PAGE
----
I attended Open Infra Days UK in London. When asked to extract a theme from the two days my response boiled down to "people want to run Kubernetes clusters and want the bits underneath to be low fuss." There were many more ideas passed around, but that one was there, either staring me in the face, or lurking behind the superficies.
This might tell us something about where the OpenStack community should be directing its development energy but, as usual, the true picture is more complex than that. For one thing, you can put a Kubernetes cluster on a collection of elastic and easily available VMs. OpenStack has been rather devoted to exactly that for years. The OpenStack provider for the Kubernetes cluster API is active and healthy. A presentation on Monday from Spyros Trigazis of CERN, explained how Magnum is being used to bootstrap many Kubernetes clusters on their very large OpenStack cloud.
But — at least for me — this was not a very telco-heavy or people-selling-to-telcos-heavy gathering. At those gatherings, milking every last hertz, bit and millisecond of CPU and network performance, achieved by describing the available hardware in excruciating detail, is the apotheosis of a vision of OpenStack as infrastructure manager.
This division between a) adequate (but not best) for many purposes (including Kubernetes) while simple to manage and consume, and b) capable of being the best for specific use cases while requiring complexity and knowledge to manage and consume has been commonplace in the history of computing. I can run several games well enough on an off-the-shelf PC, but if I have specific demands for resolution and frame rate I need to make well-informed choices about the details.
Throughout its history, OpenStack has been trying to balance the sometimes conflicting goals of being a general purpose cloud, simple to manage and use; and being a, well I'm not even sure what to call it: A manager for software defined data centers that vary in size from a little box at a cell tower to geographically disperse racks around the world.
There are plenty of people who work on OpenStack who want it to be (or it might be accurate to say "keep it") the open source cloud solution, but the economics of the situation don't always support that. Many OpenStack developers are employees of companies that somehow make money from OpenStack; by selling a packaged version or supporting or consulting on some piece of OpenStack that is being used in a private deployment. Yes, there's an increasingly visible and valuable section of contribution coming from individuals who are involved with running public OpenStack clouds, but over the history of the project these people have not been the majority.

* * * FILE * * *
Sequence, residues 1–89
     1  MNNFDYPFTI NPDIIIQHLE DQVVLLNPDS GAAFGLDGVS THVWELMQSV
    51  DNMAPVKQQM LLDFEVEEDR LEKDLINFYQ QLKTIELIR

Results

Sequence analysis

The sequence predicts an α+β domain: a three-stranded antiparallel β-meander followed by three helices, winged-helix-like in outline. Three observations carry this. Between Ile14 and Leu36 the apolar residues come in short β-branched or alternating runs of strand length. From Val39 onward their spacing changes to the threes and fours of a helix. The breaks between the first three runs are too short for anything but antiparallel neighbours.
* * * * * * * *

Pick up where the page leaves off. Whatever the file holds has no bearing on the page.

This means that development is often driven by features that either give or merely give the impression of giving value to private and not-so-general purpose use cases. That's because those people have money to spend on use cases that can't be satisfied elsewhere. The big three cloud providers are so cheap for general purpose computing that it is difficult for OpenStack to compete. If you don't truly care about open source, OpenStack has to present either some very low barriers to use, or unique value propositions.
There's more money in the latter, so we've spent more energy on that than on lowering the barriers to use. It was inevitable, we shouldn't feel too bad about it. But we may now have an opportunity to change things: The basic orchestration functionality provided by Kubernetes is actually good. There will be demand for places to put clusters. Simple VMs or simple bare metal are a good choice. Having a diversity of options is good, OpenStack is one good option and it could be better. The scale of the demand could overcome the aforementioned economic limitations.
That suggests that we could do some things to help this along. Some of this is already in progress:
Highlight and give greater attention to the several ways it's possible to build a Kubernetes cluster on OpenStack: Magnum, cluster API on VMs, and cluster API on bare metal.
In some situations, invert the traditional relationship between Nova and Ironic. Make it easy to host VMs, or not. Whatever works. First comes Ironic, then if you need VMs, comes Nova.
Explore simpler "get me a VM" solutions that operate at the same level as Nova. The end user gets a choice. If they want a fancy, hardware-aware, compute service, they use Nova. If they don't, they can use something else.
I started exploring the "something else" with etcd-compute. It started out as a joke but then it worked and was something other than funny.